• Protected Housing Unit for senior citizens run by Amigour. Amigour administers a network of 54 sheltered homes throughout Israel, serving more than 7,500 senior citizens, average age is 75 and most are immigrants from the FSU. For a nominal monthly fee, they rent small apartments. Strict security measures – emergency call buttons in each room, public address systems, smoke detectors and sprinklers, provide tenants with security. Each Amigour facility is administered by a director and part-time housemother. A social worker helps residents with special needs, and caregivers assist with cleaning, shopping and errands.
• Public Housing – Amigour also manages 22,000 low-cost rental apartments in 23 locations throughout Israel. The 70,000 tenants include new immigrants, veteran Israelis, single parents, young couples and the elderly.
Securing our Future as a People
through Jewish/Zionist Education
• MASA Israel Journey – brings young Jewish adults from around the world on long-term programs to Israel. Launched in 2004, MASA aims at bringing 1 out of every 5 young Jews to Israel each year, with the ultimate goal being to bring 20,000 Jewish students for up to a year of study and volunteer work in Israel. Currently, 120 university, youth organisation and informal education programs are included under the umbrella of MASA.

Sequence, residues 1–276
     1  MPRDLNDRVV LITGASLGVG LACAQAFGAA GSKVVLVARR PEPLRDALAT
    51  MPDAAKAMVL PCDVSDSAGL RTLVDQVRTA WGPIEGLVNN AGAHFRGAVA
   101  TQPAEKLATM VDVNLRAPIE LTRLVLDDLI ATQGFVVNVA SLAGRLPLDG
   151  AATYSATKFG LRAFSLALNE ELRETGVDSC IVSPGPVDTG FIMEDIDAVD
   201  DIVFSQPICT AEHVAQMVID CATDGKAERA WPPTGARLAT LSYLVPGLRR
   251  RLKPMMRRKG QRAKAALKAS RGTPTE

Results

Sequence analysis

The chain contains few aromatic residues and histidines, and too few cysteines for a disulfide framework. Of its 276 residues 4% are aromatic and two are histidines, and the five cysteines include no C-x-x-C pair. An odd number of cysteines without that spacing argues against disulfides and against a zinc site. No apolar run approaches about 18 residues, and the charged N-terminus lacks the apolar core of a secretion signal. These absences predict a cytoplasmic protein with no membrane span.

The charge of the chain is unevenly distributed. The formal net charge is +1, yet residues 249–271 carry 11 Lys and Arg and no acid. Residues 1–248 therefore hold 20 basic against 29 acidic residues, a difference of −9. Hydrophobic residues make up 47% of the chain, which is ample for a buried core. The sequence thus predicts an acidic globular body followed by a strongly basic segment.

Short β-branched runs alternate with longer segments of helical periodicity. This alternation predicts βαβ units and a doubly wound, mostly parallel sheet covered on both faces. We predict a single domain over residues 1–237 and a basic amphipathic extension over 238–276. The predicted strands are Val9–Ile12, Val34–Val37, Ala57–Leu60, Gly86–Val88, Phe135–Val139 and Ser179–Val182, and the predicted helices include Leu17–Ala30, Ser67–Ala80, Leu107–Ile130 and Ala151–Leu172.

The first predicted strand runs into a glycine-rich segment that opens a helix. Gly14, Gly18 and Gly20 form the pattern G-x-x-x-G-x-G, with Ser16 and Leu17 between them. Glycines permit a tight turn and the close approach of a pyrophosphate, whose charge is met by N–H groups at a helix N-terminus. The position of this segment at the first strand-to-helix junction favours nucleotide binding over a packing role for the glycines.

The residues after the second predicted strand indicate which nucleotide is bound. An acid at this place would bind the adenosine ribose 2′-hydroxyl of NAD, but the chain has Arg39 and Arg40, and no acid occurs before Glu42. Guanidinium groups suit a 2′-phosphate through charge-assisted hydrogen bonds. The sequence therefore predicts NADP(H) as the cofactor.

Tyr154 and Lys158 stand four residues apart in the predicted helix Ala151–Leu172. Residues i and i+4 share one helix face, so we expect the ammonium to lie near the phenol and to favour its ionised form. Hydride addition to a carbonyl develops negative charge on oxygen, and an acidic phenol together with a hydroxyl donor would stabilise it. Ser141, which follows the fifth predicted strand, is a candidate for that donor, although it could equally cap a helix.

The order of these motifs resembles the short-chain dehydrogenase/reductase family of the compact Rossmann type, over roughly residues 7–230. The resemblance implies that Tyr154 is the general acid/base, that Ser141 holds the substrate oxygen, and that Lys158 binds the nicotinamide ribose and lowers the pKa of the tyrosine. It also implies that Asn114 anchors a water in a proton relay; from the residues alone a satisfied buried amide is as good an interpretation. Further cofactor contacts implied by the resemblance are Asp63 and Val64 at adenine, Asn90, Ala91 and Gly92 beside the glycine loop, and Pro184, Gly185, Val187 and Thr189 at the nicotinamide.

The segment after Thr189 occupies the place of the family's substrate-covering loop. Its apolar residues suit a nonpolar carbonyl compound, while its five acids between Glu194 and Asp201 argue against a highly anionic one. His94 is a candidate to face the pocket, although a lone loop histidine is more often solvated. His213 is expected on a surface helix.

• Birthright Israel – This program provides the opportunity for children in the Diaspora, who would otherwise not afford a trip, to visit to Israel for a 10 day program. Participants include students from the former Soviet Union who are then able to energise their local communities and encourage aliyah.
• Tapuz Israel Experience for young Jews from Latin America
• Jewish Agency Fund for Lone Immigrant Students and Soldiers
• Programs to promote Jewish identity and to ‘bring Israel’ to Jewish communities around the world
• Partnership 2000 – Young Volunteer Leadership
• Israel Experience Study Program – 6 month program
• Jewish Agency Fund for Lone Immigrant Students and Soldiers
• Distribution of food packages for new immigrants at Pesach and Rosh Hashana
• Support for new immigrant victims of terror and their families
• Support for summer camps for new immigrant children from the FSU
• Early childhood day programs for new immigrant children
• After school tutorial programs for new immigrant children from Ethiopia and FSU
• Support for disadvantaged Olim families, living below the poverty line